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Submission + - Canadian musician fined $1200 for pennies on album cover (

silentbrad writes: The National Post reports: "The [Royal Canadian] Mint recently issued a warning to Halifax-based folk music singer Dave Gunning — whose upcoming album depicts pennies on both the front and back cover — that he has violated the government’s copyright on the currency. Most of us have probably never thought of inspecting our money in great detail, but Canadian bills do indeed contain a copyright notice in the lower right corner, and coins are covered under the same provisions. The album, entitled No More Pennies, includes lyrics about the coin and features a man sitting in a coffee shop with a bunch of pennies strewn across the counter on its front cover. On the back is a picture of a giant penny falling below the horizon like a sunset. The Mint says it will not charge Mr. Gunning a fee for the first 2,000 albums he produces, but will levy a charge of $1,200 for the next 2,000 copies — a cost this struggling artist says he cannot afford. According to one government bureaucrat, however, the Mint is helping 'this guy out by giving him a break.' ... 'It is pennies to them but is pretty substantial for me,' said Mr. Gunning, who has launched a 'Penny Drive' to try and raise the money to pay this unexpected tax. ... The Canadian dollar is not the only major currency protected by copyright — the British Pound and the Euro also feature copyright notices. But the idea that the government can own the copyright on its works is a concept that’s completely foreign to Americans and citizens of many other countries. Under this country’s Copyright Act, all government works 'belong to Her Majesty' and remain copyrighted 'for a period of fifty years following the end of that calendar year.' This is known as 'Crown Copyright,' which is different from how public works are handled in countries such as the United States, where government documents are automatically put into the public domain."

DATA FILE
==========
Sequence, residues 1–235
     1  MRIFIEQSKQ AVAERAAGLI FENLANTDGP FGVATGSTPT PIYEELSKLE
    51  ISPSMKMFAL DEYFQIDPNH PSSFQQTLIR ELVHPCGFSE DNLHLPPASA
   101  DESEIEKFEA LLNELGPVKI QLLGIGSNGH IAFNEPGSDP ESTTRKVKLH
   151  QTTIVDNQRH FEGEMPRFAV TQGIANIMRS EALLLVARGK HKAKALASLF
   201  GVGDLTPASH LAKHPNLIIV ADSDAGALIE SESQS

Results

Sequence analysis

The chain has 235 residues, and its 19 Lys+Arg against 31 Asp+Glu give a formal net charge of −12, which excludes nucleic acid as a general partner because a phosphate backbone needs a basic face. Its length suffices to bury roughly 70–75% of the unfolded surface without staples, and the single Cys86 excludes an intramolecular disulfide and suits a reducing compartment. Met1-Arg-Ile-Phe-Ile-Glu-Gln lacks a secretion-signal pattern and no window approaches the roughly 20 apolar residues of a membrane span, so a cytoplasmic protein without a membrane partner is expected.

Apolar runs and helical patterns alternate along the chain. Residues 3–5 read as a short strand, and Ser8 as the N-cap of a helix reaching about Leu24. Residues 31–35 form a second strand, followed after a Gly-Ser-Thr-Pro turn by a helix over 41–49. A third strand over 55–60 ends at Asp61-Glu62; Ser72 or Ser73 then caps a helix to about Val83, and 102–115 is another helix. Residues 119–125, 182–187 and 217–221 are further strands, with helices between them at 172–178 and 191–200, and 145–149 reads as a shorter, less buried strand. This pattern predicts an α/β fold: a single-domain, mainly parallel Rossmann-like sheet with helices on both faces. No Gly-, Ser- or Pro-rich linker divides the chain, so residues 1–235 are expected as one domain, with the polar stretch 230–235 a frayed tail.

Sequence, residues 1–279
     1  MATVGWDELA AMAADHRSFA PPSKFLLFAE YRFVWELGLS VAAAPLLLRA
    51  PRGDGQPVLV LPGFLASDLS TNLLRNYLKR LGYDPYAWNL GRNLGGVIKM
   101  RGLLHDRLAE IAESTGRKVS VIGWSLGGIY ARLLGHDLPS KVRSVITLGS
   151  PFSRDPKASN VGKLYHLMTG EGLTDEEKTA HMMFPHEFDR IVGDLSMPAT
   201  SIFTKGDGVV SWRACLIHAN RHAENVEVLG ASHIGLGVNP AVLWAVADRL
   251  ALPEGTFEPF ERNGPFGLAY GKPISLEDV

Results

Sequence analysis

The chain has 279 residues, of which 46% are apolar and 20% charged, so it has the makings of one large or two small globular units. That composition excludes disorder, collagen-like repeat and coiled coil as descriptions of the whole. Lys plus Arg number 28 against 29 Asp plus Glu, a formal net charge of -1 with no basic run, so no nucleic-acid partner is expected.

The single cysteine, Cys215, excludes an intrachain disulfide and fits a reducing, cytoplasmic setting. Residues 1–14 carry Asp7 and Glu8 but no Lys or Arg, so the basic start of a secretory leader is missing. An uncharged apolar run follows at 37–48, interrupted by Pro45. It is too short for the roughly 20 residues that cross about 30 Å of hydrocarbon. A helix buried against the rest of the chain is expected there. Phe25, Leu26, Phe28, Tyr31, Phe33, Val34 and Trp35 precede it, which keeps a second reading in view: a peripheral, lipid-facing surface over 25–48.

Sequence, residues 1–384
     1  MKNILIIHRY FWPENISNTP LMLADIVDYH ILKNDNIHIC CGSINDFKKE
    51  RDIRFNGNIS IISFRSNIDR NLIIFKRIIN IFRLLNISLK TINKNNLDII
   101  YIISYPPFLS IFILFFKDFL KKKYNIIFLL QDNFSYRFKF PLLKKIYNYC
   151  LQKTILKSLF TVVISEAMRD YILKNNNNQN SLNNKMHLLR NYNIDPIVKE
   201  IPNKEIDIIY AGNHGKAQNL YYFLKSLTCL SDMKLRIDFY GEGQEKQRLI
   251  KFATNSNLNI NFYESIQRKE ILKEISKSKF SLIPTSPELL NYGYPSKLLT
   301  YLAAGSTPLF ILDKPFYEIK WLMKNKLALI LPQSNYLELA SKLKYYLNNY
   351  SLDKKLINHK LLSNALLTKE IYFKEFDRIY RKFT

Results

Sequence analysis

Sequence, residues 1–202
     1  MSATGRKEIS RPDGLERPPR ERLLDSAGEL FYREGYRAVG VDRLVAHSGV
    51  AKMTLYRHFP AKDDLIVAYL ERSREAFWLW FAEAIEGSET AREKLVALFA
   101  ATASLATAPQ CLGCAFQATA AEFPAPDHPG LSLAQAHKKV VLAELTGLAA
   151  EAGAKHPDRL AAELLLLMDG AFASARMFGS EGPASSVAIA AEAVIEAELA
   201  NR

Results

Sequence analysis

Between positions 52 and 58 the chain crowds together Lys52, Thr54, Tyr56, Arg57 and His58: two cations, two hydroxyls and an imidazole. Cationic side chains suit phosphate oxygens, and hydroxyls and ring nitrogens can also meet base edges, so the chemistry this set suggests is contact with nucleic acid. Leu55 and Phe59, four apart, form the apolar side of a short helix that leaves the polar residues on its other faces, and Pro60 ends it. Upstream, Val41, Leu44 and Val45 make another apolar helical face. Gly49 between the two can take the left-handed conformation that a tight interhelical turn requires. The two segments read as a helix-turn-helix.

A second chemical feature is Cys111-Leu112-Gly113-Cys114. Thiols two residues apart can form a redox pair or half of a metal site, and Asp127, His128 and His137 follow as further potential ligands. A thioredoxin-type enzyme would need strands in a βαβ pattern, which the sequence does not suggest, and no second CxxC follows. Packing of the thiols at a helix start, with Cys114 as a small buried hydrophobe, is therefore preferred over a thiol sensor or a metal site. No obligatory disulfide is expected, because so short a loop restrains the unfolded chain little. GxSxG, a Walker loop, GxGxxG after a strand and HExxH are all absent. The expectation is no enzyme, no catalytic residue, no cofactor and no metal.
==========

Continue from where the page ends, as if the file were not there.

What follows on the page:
Submission + - Proposed Bill C-11 Amendments (

silentbrad writes: Michael Geist talks about Bill C-11, which has just gone into review: "The Bill C-11 committee has just opened the clause-by-clause review of the copyright bill with 39 amendments on the table: 8 from the goverment, 17 from the NDP, and 14 from the Liberals. The good news is that the misinformation campaign on issues such as fair dealing, user generated content, consumer provisions, statutory damages, and Internet provider liability has largely failed as the government is not proposing significant changes to those provisions. Unfortunately, the digital lock provisions will also remain largely unchanged as the government is not proposing to link circumvention to copyright infringement (both the NDP and Liberals will put forward such amendments). The music and movie lobby are getting one of their demands as the enabler provision will be expanded from targeting sites "primarily designed" to enable infringement to providing a service primarily for the purpose of enabling acts of infringement. The CIMA demand for an even broader rule has been rejected."

Submission + - Adopt national protection code for consumers, Rogers urges CRTC ( 1

silentbrad writes: Canada’s largest mobile service provider is urging the federal telecom regulator to implement a mandatory national consumer protection code in order to diffuse the threat posed by a growing hotchpotch of provincial regulations for wireless services. Rogers Communications Inc. submitted that proposal to the Canadian Radio-television and Telecommunications Commission in an application late Thursday. In doing so, Rogers becomes the second major carrier to ask the CRTC to resume active regulation of the terms and conditions for wireless service contracts, a practice that it largely abandoned during the 1990s. Nonetheless, those regulatory powers, while latent, remain in the Telecommunications Act, meaning the CRTC can still exercise its authority over those matters.

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